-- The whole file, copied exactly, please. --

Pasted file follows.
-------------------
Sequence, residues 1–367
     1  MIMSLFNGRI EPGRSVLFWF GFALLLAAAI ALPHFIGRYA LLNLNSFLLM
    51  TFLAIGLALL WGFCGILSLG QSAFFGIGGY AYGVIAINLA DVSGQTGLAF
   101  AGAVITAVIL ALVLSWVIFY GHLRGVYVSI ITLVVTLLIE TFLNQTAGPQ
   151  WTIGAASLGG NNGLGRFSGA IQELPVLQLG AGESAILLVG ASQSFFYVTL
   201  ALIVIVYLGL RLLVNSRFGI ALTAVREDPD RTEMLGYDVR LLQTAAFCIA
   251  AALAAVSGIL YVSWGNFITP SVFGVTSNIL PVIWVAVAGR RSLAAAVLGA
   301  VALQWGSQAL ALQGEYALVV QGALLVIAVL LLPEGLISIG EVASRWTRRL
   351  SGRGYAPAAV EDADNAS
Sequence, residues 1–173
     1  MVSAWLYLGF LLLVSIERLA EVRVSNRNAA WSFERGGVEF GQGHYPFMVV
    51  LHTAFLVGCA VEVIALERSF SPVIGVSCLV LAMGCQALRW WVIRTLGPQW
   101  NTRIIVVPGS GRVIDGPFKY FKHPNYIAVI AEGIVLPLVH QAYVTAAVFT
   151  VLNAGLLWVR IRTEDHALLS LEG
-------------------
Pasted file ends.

Sequence, residues 1–367
     1  MIMSLFNGRI EPGRSVLFWF GFALLLAAAI ALPHFIGRYA LLNLNSFLLM
    51  TFLAIGLALL WGFCGILSLG QSAFFGIGGY AYGVIAINLA DVSGQTGLAF
   101  AGAVITAVIL ALVLSWVIFY GHLRGVYVSI ITLVVTLLIE TFLNQTAGPQ
   151  WTIGAASLGG NNGLGRFSGA IQELPVLQLG AGESAILLVG ASQSFFYVTL
   201  ALIVIVYLGL RLLVNSRFGI ALTAVREDPD RTEMLGYDVR LLQTAAFCIA
   251  AALAAVSGIL YVSWGNFITP SVFGVTSNIL PVIWVAVAGR RSLAAAVLGA
   301  VALQWGSQAL ALQGEYALVV QGALLVIAVL LLPEGLISIG EVASRWTRRL
   351  SGRGYAPAAV EDADNAS
Sequence, residues 1–173
     1  MVSAWLYLGF LLLVSIERLA EVRVSNRNAA WSFERGGVEF GQGHYPFMVV
    51  LHTAFLVGCA VEVIALERSF SPVIGVSCLV LAMGCQALRW WVIRTLGPQW
   101  NTRIIVVPGS GRVIDGPFKY FKHPNYIAVI AEGIVLPLVH QAYVTAAVFT
   151  VLNAGLLWVR IRTEDHALLS LEG